There’s just a lot more need to collaborate, because there’s so many things that affect so many offices. We had to figure out how to have everybody work remotely. It wasn’t just, “How are people going to deliver their coursework remotely?” It was, “How are we going to do Health Services or Counseling Services?”
Study abroad reports directly to me. We were planning on having a working group to talk about different kinds of policies for faculty/staff travel. But instead – what pushed us into having extra meetings – was when I saw on the news that Austria was stopping train service from Italy. I contacted Jane Decatur who’s the director and I said, “We’ve got to send something out to those students. We need to start encouraging them to come back.” Because if one country is starting to close a border, something’s going on that we don’t necessarily know about.
Have you faced any major challenges in the past few weeks or months?
I think the biggest challenge is having to be as flexible as we’ve been. We’ve made plans in the morning, and then the governor has a press conference, and we’ve had to change those plans. And it’s one thing to say, “We’re changing plans,” and it affects your committee or your group or your team. But to have it affect 3,500 students or all of the residence halls – that’s been a challenge.
Everyone has their own worries. Someone said to me, “Are you tired?” And I said, “Well, my cousin’s a nurse. So every time I think about being tired, I think about her and I know I’m not as tired as she is.” The challenge is helping people manage that anxiety and manage being overwhelmed when there’s 15 different emails and 15 different things coming on.
Doing Zoom meetings is great, but it also means that you don’t often have a lot of breaks. At least, if you have face-to-face meetings, people stop and have to get up and walk to another room. But now you’re like, “Oh, I guess I’m just in the Zoom meeting. And I’ll go to this other Zoom meeting right now.”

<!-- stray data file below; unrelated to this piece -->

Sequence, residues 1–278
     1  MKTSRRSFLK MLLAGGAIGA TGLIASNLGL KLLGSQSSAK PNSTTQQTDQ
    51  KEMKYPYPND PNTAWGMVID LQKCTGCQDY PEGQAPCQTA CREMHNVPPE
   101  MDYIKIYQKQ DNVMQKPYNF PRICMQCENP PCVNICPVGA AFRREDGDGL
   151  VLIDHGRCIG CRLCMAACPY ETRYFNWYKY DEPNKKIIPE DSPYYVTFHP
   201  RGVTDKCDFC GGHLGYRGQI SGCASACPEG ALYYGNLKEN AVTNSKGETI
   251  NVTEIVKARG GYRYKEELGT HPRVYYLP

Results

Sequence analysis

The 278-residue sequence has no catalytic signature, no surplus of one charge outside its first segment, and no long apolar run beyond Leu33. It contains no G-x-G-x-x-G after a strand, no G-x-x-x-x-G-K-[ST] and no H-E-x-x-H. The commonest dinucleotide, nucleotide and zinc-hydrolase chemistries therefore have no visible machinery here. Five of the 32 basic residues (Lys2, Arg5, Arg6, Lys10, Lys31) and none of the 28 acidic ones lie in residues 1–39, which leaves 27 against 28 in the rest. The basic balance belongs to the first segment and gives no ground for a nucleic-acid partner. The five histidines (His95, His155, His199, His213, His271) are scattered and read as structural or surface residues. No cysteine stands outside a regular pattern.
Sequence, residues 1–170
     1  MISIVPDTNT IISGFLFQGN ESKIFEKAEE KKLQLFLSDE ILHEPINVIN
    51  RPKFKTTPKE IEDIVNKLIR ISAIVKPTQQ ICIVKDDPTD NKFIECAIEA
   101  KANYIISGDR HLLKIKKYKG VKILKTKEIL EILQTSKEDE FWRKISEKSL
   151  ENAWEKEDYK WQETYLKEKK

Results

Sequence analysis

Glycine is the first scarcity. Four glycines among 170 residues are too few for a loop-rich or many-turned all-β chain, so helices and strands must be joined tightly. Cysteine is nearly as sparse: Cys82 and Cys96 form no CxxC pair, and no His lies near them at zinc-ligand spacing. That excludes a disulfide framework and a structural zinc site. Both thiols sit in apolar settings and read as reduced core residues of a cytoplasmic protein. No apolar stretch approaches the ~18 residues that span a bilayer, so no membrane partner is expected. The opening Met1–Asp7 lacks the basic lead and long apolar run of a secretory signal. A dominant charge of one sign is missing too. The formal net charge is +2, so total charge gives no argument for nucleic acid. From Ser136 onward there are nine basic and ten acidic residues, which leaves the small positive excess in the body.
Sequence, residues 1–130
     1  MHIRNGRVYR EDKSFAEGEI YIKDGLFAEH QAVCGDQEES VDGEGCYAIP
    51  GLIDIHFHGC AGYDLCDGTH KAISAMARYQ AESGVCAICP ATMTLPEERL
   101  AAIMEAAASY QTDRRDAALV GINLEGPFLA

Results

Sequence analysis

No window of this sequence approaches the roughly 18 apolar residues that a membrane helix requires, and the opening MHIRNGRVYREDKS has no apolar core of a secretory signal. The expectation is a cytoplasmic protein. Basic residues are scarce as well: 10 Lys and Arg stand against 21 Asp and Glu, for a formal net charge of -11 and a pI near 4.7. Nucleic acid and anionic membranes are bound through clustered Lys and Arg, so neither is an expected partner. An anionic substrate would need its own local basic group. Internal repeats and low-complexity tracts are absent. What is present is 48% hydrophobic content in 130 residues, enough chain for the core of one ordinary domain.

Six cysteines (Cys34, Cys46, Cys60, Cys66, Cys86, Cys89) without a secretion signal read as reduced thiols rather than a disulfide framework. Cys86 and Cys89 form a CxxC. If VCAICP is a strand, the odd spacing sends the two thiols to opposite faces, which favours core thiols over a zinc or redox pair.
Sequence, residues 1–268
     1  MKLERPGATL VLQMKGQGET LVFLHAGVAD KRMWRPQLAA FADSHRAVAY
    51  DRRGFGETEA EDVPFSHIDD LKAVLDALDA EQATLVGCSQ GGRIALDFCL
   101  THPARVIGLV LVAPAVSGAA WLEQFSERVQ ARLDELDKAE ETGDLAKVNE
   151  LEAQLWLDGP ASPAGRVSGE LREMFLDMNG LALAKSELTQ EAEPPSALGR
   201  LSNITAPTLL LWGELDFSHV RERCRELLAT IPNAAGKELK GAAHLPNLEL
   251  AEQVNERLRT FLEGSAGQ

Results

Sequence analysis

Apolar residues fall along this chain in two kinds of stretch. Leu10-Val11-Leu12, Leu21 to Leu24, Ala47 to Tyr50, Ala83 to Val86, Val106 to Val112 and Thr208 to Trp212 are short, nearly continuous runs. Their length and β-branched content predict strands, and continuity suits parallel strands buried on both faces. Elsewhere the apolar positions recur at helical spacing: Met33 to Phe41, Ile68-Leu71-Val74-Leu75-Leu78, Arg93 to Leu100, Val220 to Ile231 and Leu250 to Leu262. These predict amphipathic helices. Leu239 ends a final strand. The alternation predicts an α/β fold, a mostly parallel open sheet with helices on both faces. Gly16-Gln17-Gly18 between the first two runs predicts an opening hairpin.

One of the biggest challenges is making sure we’re contacting everyone. That was a big struggle. We knew a lot of students weren’t checking email, which is one of the reasons why we actually went to the point of using the alert system to remind people to check their email.
Getting people the information that they need and not having misinformation is a challenge. In this situation rumors can be dangerous. Going forward, the challenge is nobody knows what’s going to happen. Nobody knows when things are going to go back to any sense of normalcy and even what that looks like. So, it’s dealing with not knowing what’s necessarily going to happen tomorrow, and that makes people very anxious and sometimes on edge.
What advice do you have for students?
My general advice to students is don’t be afraid to ask questions. I know a lot of times students don’t like to ask questions because they’re embarrassed or they don’t want to look dumb, but this is definitely not a time not to ask questions. I used to say all the time when I was a faculty member, “There are no dumb questions.”
I taught online before, and advice I used to give to students taking courses online or taking courses remotely, is you really need to set up a schedule for yourself. It’s harder to work remotely than I think a lot of people think. If you’re a student that goes to class and just likes to absorb or not say much, you are still counted as present when you do that face-to-face course. But if you don’t “speak,” and whether you’re typing in something in a discussion board, often you’re not counted as being there. Be honest if you’re having difficulty with technology or you’re having difficulty with your laptop or your internet access. Tell people right away. And also, cut yourself some slack. This is a really stressful time. And, this is unprecedented. No one has lived through anything like this before. No one’s expecting you to be perfect.